TV, yes we have it, satellite and all, but most of us have noted that real life here seems to occupy us affording little time or interest for sitting in front of a tube watching someone else’s faked episodes that fall short compared to our own newly enriched lives. Somehow watching lowly politicians make fools of themselves and scenes of war and terror lose out to watching the whales swim by from your veranda, or a short boat ride or drive to a secluded island beach for a picnic with friends and family. We seem to have no idea of how much influence that wretched box of programmed media of demented minutia has upon us. Getting out from under the tube and cleansing your mind of fears and subliminal controls is very therapeutic.

In summary; Tonga has a great deal to offer in the way of lifestyle, opportunity and just plain retirement living. Its growing expat community is attracted in part by the inviting condition that you can retire with residency here with just $8,000 USD per year of “assured income.” There are investment opportunities from high interest deposit accounts to land investments that track 100% increases in less than one year periods. Building rental homes is one market that is growing nicely. You can live inexpensively or in affordable luxury, relaxed and with no fear of being over taxed or axed.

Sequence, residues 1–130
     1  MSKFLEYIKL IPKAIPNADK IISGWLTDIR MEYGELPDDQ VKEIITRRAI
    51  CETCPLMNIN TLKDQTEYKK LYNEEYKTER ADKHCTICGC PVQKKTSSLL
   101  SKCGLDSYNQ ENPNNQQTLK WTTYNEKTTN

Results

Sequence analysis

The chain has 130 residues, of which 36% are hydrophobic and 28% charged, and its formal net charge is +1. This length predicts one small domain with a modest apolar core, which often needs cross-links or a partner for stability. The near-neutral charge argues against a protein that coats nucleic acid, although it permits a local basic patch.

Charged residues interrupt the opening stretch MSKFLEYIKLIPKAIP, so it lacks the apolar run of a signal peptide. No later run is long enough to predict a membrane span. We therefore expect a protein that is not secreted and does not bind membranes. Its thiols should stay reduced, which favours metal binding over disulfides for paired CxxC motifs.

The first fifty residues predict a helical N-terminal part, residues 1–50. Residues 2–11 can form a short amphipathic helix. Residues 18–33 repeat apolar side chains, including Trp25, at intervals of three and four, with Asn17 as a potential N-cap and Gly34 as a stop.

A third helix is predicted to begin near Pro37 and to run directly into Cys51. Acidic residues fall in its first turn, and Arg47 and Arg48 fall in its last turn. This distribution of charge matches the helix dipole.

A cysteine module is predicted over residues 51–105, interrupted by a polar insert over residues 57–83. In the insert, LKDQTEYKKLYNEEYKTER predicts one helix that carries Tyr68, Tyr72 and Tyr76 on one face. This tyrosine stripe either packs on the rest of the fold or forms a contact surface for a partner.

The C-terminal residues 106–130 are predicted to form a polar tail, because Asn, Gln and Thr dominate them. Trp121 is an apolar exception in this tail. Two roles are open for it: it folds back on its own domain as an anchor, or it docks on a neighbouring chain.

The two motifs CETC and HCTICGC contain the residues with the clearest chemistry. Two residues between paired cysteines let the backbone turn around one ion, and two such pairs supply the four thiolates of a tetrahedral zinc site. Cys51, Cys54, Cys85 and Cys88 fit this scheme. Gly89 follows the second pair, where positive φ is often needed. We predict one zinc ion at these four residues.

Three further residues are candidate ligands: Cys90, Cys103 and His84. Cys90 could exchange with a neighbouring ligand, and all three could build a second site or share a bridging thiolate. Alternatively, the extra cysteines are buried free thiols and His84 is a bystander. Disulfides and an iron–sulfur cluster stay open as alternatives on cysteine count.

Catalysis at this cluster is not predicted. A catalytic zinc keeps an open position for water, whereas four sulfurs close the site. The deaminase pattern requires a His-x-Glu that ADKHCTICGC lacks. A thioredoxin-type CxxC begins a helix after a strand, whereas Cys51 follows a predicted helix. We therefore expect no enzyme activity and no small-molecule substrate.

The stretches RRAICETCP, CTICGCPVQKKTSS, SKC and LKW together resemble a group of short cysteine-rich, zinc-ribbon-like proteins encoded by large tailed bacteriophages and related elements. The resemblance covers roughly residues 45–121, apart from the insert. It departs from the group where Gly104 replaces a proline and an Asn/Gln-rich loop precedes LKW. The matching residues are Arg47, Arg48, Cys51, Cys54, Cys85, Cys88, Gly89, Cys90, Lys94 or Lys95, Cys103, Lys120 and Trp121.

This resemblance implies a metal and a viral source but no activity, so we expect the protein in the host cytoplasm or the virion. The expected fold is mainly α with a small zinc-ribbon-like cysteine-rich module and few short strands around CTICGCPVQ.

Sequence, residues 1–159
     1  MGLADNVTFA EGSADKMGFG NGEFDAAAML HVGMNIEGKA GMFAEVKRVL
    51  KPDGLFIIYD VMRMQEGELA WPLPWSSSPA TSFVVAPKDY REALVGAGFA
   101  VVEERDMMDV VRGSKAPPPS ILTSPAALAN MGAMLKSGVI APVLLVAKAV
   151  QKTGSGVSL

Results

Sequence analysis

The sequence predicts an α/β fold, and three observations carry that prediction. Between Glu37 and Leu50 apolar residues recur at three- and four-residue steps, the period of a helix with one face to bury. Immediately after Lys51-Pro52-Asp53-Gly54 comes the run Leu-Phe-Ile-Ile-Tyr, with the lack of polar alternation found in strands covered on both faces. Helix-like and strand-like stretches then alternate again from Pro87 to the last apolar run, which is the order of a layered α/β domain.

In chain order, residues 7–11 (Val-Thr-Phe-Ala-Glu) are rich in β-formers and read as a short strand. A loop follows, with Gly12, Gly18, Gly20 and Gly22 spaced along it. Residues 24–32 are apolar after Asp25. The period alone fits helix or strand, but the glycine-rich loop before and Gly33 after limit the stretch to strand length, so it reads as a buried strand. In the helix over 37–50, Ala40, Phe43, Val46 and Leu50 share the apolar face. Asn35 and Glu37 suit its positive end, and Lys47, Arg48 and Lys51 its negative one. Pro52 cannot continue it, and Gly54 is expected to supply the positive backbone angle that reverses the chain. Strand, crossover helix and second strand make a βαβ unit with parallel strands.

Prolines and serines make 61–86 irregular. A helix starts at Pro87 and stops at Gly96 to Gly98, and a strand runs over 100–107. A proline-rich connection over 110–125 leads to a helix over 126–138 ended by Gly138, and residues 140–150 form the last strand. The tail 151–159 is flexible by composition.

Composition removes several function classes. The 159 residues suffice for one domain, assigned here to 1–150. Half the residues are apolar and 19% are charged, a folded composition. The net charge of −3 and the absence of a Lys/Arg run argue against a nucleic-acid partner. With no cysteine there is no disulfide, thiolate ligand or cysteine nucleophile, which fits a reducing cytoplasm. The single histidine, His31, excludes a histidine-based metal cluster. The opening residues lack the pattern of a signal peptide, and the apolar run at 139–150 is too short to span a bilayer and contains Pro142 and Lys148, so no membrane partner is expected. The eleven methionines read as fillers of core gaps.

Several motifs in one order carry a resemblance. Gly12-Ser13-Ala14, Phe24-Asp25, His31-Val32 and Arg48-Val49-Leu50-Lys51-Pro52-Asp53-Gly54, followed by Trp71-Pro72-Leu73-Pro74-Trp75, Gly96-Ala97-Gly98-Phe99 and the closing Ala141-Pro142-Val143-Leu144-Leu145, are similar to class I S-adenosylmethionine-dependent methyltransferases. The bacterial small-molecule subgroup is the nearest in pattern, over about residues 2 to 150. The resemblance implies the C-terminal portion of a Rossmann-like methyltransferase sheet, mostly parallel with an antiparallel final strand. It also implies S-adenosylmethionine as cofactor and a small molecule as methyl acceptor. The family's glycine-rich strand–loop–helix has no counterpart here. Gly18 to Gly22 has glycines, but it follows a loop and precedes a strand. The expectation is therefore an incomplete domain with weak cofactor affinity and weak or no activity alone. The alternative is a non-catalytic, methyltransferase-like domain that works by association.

Living in an ancient and friendly culture has its advantages. It is a bit of a hideaway from the uncertainties and perils of dubious governments and rabid leaders unleashed. Many here have sold out of their homelands opting for what dreams are made of and not letting the big bad wolf get in the way. In Tonga, our real freedom and life in an environment secure and serene makes a mockery of where they package and have to repeatedly sell this freedom package to the public in concealed bondage. The proceeds from our sale of the house and expensive car back there have some of us living good here. Very few of us miss or long to return to the scene of the crimes, but to do so is only a day’s flying back at the worst. It is a small world truly, so why not move across the pond where the grass is truly greener? That is a rhetorical question that shouldn’t need an answer, just action. Just do it. You will be glad you did.

Robert Bryce is the original “realtor” of Tonga, lured into real estate by expat demand and willing to lend a hand to the good folks who wish to grace these shores. Let us all be friends. tongaproperty@yahoo.com